Earlier this year, I was lucky enough to watch a gameplay preview of Tango Gameworks’ Ghostwire: Tokyo. When someone asked me what I thought about the game, I said something along the lines of “I really liked it. It’s kind of like one of those PS2 games that didn’t go over well at launch but everyone ends up loving years later.” I’m fairly sure they didn’t quite know what to make of that reaction.
Yet, after playing through the final version of Ghostwire: Tokyo, I still find myself sticking pretty close to that initial impression. Ghostwire: Tokyo is the kind of game that just feels destined to become a cult classic.
There is a degree to which Ghostwire‘s presumed cult status is the result of its flaws. The game’s pacing is unusual and uneven, its story really falters in the home stretch, and the game’s combat is…bad. That last point is the biggest mood killer. We don’t always expect horror games to have great combat, but Ghostwire never seems sure if it wants you to be able to become a magical warrior or if it would prefer you only fought when absolutely necessary. As a result, combat sequences often boil down to the same repetitive actions. You’re offered a variety of skills, but it soon becomes too easy to rely on a few of them to slowly whittle away at enemies. It’s not especially rewarding, and it’s not particularly tense. Those are two things you don’t want to be able to say about combat in a horror game.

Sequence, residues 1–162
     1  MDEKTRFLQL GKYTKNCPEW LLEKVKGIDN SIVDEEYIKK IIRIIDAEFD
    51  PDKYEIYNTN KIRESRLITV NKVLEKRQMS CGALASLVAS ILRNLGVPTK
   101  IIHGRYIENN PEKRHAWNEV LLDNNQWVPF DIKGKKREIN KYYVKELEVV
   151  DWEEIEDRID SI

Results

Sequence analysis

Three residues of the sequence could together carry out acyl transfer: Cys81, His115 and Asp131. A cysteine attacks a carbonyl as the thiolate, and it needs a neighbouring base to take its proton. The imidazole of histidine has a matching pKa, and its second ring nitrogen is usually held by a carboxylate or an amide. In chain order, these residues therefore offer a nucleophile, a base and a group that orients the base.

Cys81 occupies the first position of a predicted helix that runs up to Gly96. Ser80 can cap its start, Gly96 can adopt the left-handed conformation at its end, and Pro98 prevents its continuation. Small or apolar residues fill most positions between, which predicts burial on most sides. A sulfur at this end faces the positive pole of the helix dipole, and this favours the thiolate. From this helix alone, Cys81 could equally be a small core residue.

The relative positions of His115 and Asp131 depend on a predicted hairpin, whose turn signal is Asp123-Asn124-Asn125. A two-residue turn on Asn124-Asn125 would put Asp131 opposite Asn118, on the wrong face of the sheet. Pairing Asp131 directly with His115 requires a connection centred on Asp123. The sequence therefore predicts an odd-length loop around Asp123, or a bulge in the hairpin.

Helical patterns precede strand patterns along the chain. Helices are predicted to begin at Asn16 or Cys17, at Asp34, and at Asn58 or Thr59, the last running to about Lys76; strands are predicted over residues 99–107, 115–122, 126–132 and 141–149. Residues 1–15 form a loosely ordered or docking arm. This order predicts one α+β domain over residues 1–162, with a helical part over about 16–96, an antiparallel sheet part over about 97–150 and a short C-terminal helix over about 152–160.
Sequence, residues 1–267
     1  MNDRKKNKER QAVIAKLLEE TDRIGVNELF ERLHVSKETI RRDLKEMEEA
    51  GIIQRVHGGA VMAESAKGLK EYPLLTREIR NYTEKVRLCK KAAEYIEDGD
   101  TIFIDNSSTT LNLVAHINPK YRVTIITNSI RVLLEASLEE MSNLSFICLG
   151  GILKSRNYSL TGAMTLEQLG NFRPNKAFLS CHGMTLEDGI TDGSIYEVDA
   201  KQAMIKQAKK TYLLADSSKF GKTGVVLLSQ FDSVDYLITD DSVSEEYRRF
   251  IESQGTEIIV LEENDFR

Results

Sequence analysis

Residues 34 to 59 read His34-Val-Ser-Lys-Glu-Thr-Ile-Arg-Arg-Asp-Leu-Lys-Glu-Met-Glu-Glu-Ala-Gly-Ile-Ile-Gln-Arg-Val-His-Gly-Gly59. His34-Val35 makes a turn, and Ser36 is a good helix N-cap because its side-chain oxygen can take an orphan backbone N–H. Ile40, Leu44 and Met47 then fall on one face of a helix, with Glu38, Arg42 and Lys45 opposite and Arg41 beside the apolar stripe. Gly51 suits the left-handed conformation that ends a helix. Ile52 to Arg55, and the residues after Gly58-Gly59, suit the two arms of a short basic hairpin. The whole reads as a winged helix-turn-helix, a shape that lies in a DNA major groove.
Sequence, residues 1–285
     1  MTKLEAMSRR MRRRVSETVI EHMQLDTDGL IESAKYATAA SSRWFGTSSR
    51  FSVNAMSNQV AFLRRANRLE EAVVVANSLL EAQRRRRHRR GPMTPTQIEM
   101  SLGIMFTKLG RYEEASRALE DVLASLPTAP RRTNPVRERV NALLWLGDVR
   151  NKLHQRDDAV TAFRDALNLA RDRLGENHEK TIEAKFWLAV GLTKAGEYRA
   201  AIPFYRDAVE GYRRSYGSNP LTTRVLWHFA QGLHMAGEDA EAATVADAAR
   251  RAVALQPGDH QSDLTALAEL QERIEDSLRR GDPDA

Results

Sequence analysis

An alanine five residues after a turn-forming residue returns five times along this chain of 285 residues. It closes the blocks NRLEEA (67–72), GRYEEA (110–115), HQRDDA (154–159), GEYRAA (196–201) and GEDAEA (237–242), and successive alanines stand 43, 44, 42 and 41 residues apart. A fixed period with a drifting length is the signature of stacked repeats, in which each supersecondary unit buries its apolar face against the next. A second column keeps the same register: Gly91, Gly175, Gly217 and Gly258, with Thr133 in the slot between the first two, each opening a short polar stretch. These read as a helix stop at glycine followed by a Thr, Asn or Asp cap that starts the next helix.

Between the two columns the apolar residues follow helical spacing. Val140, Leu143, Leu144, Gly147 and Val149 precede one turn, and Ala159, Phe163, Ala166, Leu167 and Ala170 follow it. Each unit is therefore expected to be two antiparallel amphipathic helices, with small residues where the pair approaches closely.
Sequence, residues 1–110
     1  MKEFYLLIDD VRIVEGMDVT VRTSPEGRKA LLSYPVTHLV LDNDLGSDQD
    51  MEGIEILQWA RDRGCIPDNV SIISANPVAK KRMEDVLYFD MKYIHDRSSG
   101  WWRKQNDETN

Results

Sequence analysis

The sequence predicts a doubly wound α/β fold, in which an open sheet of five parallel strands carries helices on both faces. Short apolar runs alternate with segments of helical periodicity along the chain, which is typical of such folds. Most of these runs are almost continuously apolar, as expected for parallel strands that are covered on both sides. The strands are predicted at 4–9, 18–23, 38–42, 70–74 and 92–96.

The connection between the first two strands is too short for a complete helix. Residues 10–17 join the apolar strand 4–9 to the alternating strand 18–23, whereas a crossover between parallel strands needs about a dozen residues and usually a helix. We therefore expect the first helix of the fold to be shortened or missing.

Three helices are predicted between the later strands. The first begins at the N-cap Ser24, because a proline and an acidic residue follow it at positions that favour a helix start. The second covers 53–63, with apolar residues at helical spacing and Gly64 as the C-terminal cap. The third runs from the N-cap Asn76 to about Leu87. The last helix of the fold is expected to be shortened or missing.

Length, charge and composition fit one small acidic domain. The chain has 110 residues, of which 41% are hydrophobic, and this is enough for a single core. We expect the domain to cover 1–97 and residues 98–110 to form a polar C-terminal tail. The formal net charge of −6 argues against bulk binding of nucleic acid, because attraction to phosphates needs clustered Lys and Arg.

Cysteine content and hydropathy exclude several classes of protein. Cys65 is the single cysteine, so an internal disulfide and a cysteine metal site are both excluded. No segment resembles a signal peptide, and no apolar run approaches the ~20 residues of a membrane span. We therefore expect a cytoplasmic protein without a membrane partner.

For a time, I also found Ghostwire: Tokyo‘s (mostly) open-world design to be one of its biggest flaws. Some of the game’s most memorable early sequences occurred during tighter, more “restrained” sequences that felt a bit closer to developer Tango Gameworks’ previous titles. At the very least, I sometimes wished its structure was closer to The Evil Within 2‘s blend of linear levels and hub areas. Ghostwire sometimes softly pushes you to go out and explore via sidequests and activities, but much like the game’s combat, there were many other times when the game felt so noncommital to the idea of true open-world design that I started to wonder if the developers would have been better off ignoring that approach entirely.
However, Ghostwire‘s open-world design ultimately proves to be one of the game’s biggest contradictions. Sure, the game doesn’t make the most out of it from a gameplay standpoint, but that slightly larger environment does allow for more opportunities to lose yourself in the game’s stunning atmosphere and mythology.
There’s nothing quite like Ghostwire‘s blend of folklore and metropolis environments. Watching various legendary spirits and mutilated figures wandering the once-bustling streets of Shibuya plays on a vareity of fears. Anyone who feels uncomfortable when usually busy places are suddenly empty will certainly maintain a sense of discomfort throughout this game, while those who grew up fearing creatures like the Slender Man and Ringu‘s Sadako Yamamura will almost certainly be shocked by the game’s best scares. In fact, as we previously discussed elsewhere, Ghostwire: Tokyo was clearly partially inspired by the very best J-horror movies. Like those films, Ghostwire maintains this inescapable feeling of loneliness that is occasionally punctuated by classic jump scares starring fundamentally terrifying creatures that are designed to disturb.
Yet, the thing I find so remarkable about Ghostwire: Tokyo‘s world design and mythology is the fact they exist to do so much more than simply scare you.